17-   Joseph E. Pizzorno; Michael T. Murray (14 September 2012). Textbook of Natural Medicine. Elsevier Health Sciences. p. 1371.

18-   Cilotti A, Bagnolesi P, Napoli V, Lencioni R, Bartolozzi C (November 1991). "[Solitary intraductal papilloma of the breast. An echographic study of 12 cases]". La RadiologiaMedica (in Italian) 82 (5): 617–20. PMID 1780459

19-   Ahmadiyeh N, Stoleru MA, Raza S, Lester SC, Golshan M (August 2009). "Management of intraductalpapillomas of the breast: an analysis of 129 cases and their outcome". Ann. Surg. Oncol. 16 (8): 2264–9. doi:10.1245/s10434-009-0534-1.PMID 19484312

20-    Center for Drug Evaluation and Research (July 7, 2005). "Tamoxifen Information: reducing the incidence of breast cancer in women at high risk". U.S. Food and Drug Administration. Archived from the original on June 19, 2007. Retrieved July 3, 2007.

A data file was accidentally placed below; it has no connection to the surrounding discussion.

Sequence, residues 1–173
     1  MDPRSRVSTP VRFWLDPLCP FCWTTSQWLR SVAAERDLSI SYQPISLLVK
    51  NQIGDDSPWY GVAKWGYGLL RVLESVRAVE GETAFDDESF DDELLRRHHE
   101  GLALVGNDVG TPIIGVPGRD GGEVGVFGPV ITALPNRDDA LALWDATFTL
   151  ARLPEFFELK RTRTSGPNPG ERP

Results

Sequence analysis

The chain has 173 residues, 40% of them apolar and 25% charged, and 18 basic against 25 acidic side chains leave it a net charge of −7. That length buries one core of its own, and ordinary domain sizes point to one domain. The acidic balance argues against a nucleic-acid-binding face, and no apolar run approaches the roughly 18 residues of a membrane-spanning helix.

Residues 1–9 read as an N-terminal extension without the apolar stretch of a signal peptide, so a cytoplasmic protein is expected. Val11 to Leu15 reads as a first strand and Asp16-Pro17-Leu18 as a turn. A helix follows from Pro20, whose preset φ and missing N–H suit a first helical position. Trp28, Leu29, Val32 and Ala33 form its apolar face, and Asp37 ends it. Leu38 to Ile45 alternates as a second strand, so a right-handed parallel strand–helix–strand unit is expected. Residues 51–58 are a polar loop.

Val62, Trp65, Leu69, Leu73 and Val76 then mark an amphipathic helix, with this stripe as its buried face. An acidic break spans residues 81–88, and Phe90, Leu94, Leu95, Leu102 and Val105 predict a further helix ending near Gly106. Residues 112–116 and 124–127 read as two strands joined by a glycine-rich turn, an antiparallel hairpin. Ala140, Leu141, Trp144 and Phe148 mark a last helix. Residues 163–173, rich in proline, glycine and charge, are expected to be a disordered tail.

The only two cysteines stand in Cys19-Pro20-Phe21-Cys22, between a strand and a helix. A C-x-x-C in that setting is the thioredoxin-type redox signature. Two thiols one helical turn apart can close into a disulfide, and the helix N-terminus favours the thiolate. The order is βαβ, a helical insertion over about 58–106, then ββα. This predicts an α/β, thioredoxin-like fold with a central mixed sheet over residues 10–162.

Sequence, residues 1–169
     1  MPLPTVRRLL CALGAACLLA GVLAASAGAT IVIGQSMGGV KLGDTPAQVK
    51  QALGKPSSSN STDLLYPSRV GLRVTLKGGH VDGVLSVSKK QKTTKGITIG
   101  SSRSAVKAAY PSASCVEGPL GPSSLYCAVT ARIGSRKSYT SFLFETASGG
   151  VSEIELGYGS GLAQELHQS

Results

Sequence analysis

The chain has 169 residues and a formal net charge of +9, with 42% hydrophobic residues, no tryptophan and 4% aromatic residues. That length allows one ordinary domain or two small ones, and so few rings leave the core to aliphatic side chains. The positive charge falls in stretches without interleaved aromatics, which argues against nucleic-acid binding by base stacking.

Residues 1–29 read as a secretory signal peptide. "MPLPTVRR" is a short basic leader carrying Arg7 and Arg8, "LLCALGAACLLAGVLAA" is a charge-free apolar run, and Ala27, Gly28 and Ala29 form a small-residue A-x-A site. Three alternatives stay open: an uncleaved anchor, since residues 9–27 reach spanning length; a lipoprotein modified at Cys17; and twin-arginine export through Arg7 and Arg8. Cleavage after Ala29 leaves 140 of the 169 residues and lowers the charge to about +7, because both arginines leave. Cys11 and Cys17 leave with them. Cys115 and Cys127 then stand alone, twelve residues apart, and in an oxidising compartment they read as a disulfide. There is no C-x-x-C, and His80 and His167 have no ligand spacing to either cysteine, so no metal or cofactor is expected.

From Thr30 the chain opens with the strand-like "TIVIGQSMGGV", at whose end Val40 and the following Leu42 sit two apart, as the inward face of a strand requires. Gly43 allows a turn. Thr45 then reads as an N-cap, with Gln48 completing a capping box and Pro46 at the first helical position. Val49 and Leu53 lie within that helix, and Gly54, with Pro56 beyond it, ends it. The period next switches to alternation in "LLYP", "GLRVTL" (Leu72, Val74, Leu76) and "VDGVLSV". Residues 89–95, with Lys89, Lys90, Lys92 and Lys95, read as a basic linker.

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Dr. Bruno Perillo PhD is associated with Istituto di Scienze dell, Alimentazione, Consiglio Nazionale delle Ricerche, via Roma, 52, 83100 Avellino, Italy. He has contributed in book chapter entitled “Analysis of posttranslational modifications in the control of chromatin plasticity observed at estrogen-responsive sites in human breast cancer cells” Methods Mol. Biol. 1204, 59-69. 2014. Whereas, his research work is published in renowned credible journals.